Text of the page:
Thanks to YouTube and podcast sponsorships, electrolytes have gone mainstream.
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Severe dehydration has you walking on a thin line, with Mauro Prosperi’s story being the perfect example. A marathoner who got lost in the Sahara Desert during another 26-miler, only to survive by drinking his own urine for days. Doctors who treated Prosperi reported that “16 bags of intravenous fluids were needed to replace his water loss,” while the damage to his kidneys, liver, and psyche goes unmentioned.
Temperatures continue breaking records, an increasing number of people fall under areas of heat alert, and life outside air-conditioning is becoming miserable. Even having abandoned the hunter-gatherer lifestyle, life locked inside doors isn’t an option most have.
As federal agencies, health officials, and celebrities raise awareness for coming with rising heat, one term gets thrown around ever so often — “electrolytes.”
In a nutritional sense, “electrolytes” are minerals that dissolve in body fluids, responsible for “maintaining electrical neutrality in cells and generating and conduction action potentials in the nerves and muscles.” In simpler terms, they recharge your body.
The idea behind taking an electrolyte supplement is simple: you replenish the minerals you lose through water losses. The science, however, is scarce — most benefits being anecdotal or part of an endorsement.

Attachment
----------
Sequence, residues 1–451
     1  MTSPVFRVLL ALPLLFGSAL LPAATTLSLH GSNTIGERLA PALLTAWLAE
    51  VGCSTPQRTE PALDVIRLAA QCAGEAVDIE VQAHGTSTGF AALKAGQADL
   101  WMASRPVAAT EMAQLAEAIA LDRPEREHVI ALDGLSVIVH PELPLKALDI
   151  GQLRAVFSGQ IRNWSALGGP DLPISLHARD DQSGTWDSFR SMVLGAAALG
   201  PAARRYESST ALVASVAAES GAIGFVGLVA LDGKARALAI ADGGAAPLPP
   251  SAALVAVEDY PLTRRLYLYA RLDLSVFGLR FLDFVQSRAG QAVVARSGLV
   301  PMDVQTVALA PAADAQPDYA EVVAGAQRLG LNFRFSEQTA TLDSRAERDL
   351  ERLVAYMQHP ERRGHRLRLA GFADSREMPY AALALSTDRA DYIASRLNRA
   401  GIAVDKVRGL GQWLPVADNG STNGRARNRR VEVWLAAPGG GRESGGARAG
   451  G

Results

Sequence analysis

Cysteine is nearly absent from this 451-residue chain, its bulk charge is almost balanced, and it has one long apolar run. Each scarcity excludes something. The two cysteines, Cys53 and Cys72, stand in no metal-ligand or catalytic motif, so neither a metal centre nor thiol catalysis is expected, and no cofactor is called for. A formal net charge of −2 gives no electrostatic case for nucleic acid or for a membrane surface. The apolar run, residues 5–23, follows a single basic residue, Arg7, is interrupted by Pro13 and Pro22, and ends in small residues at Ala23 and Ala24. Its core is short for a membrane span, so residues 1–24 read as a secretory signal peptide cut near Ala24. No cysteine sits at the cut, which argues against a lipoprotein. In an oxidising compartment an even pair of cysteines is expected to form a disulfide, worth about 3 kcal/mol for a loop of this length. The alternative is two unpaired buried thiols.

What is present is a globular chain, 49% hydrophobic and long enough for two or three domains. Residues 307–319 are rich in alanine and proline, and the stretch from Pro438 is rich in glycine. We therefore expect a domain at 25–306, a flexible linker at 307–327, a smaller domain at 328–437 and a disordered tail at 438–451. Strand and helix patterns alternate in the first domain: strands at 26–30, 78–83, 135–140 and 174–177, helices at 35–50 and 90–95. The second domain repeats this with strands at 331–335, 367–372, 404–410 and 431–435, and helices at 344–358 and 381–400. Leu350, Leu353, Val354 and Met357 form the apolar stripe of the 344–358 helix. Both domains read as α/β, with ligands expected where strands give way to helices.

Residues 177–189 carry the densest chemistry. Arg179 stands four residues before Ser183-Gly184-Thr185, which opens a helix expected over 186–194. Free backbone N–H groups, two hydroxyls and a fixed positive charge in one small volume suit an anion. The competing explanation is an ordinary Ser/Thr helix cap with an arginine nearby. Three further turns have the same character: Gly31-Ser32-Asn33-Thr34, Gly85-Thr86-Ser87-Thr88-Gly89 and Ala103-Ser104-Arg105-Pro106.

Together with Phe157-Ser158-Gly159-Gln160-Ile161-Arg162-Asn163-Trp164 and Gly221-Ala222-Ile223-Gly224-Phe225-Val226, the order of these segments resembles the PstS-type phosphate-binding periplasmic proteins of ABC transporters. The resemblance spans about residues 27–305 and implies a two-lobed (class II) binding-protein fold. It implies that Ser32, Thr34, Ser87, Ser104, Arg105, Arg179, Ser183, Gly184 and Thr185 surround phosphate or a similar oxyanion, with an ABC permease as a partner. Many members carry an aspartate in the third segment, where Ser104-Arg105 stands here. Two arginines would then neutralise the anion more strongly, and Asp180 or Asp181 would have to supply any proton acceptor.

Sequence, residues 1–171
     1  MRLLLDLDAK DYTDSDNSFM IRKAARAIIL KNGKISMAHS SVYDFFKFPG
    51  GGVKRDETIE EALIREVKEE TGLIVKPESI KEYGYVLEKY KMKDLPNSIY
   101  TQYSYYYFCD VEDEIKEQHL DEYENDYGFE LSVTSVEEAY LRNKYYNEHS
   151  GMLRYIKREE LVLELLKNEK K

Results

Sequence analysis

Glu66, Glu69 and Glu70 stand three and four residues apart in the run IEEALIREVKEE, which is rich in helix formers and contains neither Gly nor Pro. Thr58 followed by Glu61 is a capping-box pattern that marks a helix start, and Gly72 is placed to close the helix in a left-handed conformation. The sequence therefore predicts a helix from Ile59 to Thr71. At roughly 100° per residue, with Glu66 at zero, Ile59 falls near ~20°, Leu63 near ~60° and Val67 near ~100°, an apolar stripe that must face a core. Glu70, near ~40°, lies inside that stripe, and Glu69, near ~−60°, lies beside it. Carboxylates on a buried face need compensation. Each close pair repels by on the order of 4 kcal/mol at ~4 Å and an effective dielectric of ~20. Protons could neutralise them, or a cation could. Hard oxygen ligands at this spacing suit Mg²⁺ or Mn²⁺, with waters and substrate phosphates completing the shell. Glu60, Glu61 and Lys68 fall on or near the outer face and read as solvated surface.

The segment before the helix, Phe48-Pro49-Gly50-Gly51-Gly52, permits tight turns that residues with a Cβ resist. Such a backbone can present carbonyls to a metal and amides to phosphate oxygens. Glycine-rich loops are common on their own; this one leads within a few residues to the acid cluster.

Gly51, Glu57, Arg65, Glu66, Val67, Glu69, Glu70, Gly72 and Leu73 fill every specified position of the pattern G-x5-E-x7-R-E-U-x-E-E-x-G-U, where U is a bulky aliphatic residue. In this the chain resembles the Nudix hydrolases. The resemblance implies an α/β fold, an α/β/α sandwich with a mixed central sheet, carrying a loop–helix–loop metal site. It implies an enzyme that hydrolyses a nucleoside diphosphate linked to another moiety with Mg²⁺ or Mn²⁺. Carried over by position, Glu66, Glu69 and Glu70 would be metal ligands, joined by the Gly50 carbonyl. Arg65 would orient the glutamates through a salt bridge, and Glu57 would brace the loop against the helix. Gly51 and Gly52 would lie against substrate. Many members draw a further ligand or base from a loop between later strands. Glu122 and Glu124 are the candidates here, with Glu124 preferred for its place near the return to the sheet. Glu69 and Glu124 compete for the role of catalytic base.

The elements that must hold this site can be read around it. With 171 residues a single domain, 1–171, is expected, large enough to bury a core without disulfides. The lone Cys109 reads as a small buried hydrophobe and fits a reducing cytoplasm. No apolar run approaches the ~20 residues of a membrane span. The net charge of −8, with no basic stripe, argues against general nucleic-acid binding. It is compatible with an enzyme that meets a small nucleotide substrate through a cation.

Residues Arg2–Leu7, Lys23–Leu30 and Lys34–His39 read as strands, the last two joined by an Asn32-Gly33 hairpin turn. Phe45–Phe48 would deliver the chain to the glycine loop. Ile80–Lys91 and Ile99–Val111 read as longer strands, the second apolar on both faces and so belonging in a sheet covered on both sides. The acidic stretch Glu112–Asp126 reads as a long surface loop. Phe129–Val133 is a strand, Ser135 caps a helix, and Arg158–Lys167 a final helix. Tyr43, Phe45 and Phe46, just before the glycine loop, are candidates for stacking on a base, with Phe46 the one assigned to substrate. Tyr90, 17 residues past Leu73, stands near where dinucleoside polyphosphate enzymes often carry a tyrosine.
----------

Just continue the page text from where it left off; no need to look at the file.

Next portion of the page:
Marathoners regularly report dehydration, cramping, dizziness, passing out, or vomiting — all hallmarks of dehydration. On average, they complete a race with 3 to 4 percent dehydration.
The short answer: No, most people don’t need electrolyte supplements — at least not every day. The Western diet is largely accommodating of most electrolytes, and people often over-diagnose dehydration.
On the other hand, athletes do benefit from taking electrolytes — helpful in recovery and sustained training load, especially under hot weather.
Overhydration is also a concern, especially for athletes typically encouraged to “drink plenty of fluids.”
While sipping on a sports drink isn’t unhealthy per se, there are alternatives as well. Coconut water is always a great source of potassium. Sports drinks can help, but they do come with additional calories and some amounts of sugar.